Using the Document Outline View Feature in Google Docs to Improve Readability, Accessibility, and SEO
Viewing your headlines in a separate pane gives you a high altitude look at your article as whole
Note: I understand that most writing software has some variation on this functionality and these tips apply to them also. But I will say that the implementation in Word, for example, is clunky beyond belief.
I write in Google Docs, regardless of where the piece will ultimately appear. I like its basic interface (like MS Word about two decades ago, before feature creep made it unbearably counter-intuitive), and its collaboration capabilities. The ability to access my work from virtually any device is pretty handy too. But one basic capability has become a serious tool for helping me organize articles and ensure that they are both accessible and optimized for search (SEO): the Document Outline View function.
To access this view, which shows up as an additional column or pane to the left of your doc on a desktop (on mobile it slides in and out), go to the main menu and select View>Show Document Outline View. If you haven’t assigned any formatting to your heads and subheads they won’t appear. But once you do assign them an H1, H2, H3, etc. tag, they will appear in the view.
I don’t recommend using the Google Title or Subtitle formats as I’m not sure what tags they assign to the content. And only use H1 once in any doc that you are posting online. It should only be used for the title. H1 tells Google that this is the title and its content should clearly reflect what the article is about. Subheads should be hierarchical: H3 content is a sub-subject of an H2.
Readers scan subheads when they first encounter an article
Eye tracking studies show that online readers read headlines first, then subheads, than picture caption, if you have them, and finally, body text. You can assume search crawlers do the same. Because of this, you should be able to following the general concept and direction of the article by scanning the heads. In Document Outline View they are always there next to your work. It is super useful to look at them in context when you are writing your next section and subhead so you can tweak the subhead to make sure it fits into the overall context of the piece. I also find that it shows me structural irregularities where a section may be out of order or missing.
Accessibility text readers can follow and read H tagged content out loud
Subheads used this way make your content much more accessible to visually impaired readers who use the text reader function of their browser. Being accessible is not only considerate and a best practice, it is also something that helps with your ranking on search.
For long form documents Outline View offers easy navigation within the doc
When I’m doing longer form writing, including fiction, I set H2s within the doc even if I’ll be removing them later. In the Outline View the Heads are anchor links which take you to that section within the main doc with one click, eliminating scrolling. In my novels I always place a head that says End Point at the bottom of the doc and keep it there. Then when I open the doc to write I can click it and be taken directly to where I left off. When you’re dealing with hundreds of pages this will keep you sane.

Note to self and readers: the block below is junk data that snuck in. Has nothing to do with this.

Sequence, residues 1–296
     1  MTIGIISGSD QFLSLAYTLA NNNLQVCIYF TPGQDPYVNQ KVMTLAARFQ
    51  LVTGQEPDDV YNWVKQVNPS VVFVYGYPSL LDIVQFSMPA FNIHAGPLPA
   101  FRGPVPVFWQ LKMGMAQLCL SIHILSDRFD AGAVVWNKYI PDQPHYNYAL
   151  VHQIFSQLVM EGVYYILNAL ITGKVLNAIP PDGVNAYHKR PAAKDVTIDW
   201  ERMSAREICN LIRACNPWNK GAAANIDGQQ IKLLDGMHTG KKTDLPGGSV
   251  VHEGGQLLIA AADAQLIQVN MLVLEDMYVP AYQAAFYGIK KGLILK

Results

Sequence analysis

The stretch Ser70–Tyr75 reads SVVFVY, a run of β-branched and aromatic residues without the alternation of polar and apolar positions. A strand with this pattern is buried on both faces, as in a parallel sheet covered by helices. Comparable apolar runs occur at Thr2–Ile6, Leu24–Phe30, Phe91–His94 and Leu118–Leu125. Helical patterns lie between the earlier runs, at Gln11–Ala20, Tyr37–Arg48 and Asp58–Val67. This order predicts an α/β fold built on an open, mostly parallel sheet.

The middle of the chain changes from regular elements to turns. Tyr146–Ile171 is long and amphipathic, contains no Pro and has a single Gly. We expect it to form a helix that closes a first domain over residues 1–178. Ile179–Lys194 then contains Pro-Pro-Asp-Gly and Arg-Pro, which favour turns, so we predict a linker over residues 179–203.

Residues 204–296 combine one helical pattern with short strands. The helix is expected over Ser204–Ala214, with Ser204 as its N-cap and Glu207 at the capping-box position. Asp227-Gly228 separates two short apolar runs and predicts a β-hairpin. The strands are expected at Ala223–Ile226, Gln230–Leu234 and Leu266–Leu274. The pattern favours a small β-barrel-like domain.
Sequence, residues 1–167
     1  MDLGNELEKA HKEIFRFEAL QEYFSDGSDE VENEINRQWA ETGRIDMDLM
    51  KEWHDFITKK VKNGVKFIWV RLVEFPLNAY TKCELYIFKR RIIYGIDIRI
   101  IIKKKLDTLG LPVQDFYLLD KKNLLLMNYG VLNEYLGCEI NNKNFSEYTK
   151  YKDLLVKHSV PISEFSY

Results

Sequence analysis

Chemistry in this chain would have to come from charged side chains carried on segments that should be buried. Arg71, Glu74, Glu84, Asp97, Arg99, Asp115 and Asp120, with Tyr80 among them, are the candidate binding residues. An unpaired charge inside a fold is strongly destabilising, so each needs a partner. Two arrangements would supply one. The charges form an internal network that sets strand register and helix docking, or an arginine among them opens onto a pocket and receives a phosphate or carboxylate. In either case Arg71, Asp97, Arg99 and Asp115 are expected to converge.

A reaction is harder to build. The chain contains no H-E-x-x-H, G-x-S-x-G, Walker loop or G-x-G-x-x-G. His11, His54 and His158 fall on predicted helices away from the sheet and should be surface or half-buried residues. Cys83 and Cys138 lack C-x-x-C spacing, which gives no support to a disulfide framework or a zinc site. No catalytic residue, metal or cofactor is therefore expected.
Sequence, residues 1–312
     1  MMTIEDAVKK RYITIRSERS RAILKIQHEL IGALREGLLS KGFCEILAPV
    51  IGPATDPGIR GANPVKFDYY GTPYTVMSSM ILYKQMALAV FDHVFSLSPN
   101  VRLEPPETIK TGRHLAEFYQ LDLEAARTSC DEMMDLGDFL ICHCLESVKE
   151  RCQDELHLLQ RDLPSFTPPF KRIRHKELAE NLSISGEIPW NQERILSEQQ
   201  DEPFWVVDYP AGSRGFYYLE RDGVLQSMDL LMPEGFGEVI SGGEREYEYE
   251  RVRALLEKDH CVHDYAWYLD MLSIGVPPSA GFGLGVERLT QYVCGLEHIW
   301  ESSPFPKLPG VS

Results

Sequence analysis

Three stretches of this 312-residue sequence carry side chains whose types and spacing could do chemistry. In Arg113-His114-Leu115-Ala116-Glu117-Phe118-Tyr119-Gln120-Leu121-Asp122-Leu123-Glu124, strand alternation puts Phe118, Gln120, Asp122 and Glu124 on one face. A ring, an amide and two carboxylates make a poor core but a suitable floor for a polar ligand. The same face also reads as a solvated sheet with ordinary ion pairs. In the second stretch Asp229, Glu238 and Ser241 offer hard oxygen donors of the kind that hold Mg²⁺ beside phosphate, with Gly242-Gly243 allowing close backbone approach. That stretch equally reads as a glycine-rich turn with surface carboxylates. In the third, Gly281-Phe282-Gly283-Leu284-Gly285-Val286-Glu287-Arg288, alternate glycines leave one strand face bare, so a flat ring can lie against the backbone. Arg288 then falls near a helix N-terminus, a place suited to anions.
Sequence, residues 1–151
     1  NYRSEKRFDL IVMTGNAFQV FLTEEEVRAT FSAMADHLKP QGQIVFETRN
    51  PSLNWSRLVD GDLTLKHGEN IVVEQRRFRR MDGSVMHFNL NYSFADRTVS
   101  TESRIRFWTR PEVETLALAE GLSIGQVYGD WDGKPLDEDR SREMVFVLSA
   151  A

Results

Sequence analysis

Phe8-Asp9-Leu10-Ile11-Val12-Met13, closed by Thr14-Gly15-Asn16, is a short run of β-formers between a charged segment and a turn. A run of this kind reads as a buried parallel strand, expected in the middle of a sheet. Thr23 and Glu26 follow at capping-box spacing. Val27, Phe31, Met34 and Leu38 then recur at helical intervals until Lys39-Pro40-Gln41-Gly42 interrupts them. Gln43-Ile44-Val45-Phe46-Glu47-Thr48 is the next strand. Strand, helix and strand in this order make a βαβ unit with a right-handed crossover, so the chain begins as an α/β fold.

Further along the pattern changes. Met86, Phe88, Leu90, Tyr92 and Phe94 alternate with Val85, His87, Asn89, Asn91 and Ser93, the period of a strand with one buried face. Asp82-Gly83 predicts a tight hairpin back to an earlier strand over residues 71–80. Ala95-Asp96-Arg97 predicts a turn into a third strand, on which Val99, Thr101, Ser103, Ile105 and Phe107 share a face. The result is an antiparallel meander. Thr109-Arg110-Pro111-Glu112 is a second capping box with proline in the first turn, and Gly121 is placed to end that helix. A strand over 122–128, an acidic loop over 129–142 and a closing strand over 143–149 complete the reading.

When you’re doing edits or rewrites on those long docs, using this placeholder function allows you to quickly find and jump to sections you are working on, another big time-saver. You can also embed the content in the Outline View (go to Insert>table of contents>) into the document itself, creating a table of contents (TOC) with live anchor links, giving readers the same navigation capabilities regardless of the media they are reading on. Unfortunately, the links go back to the original Google Doc so this is only helpful when sharing the Doc with others. Because of the scanning preference people have with articles, embedding a TOC at the top makes that scanning even easier. For a code idiot like me, this linking capability makes life a lot easier.
Please note that changes you make to your heads after inserting the TOC into your Doc are not made automatically to the inserted content. You have to either edit the embedded TOC content or delete it and insert the revised TOC.
Stepping back for the bigger picture
Writers often can’t find the forest for the trees. You get deep into something and you can get lost or lose perspective. Outline View helps you pull back and view the work as a whole. It also helps you avoid content organization errors that can do a number on search rankings
For some more sophisticated readers it may feel like I’m stating the obvious in this article, but after writing for over twenty years, using a tool like this has been a big labor saver. Before Google Docs, I wanted a lightweight authoring environment with real portability and collaboration that did not involve attachments and other copy/paste ways of sharing. These inevitably lead to version control issues. But none were the right combination of simple to use and highly functional, a real UI/UX balancing act.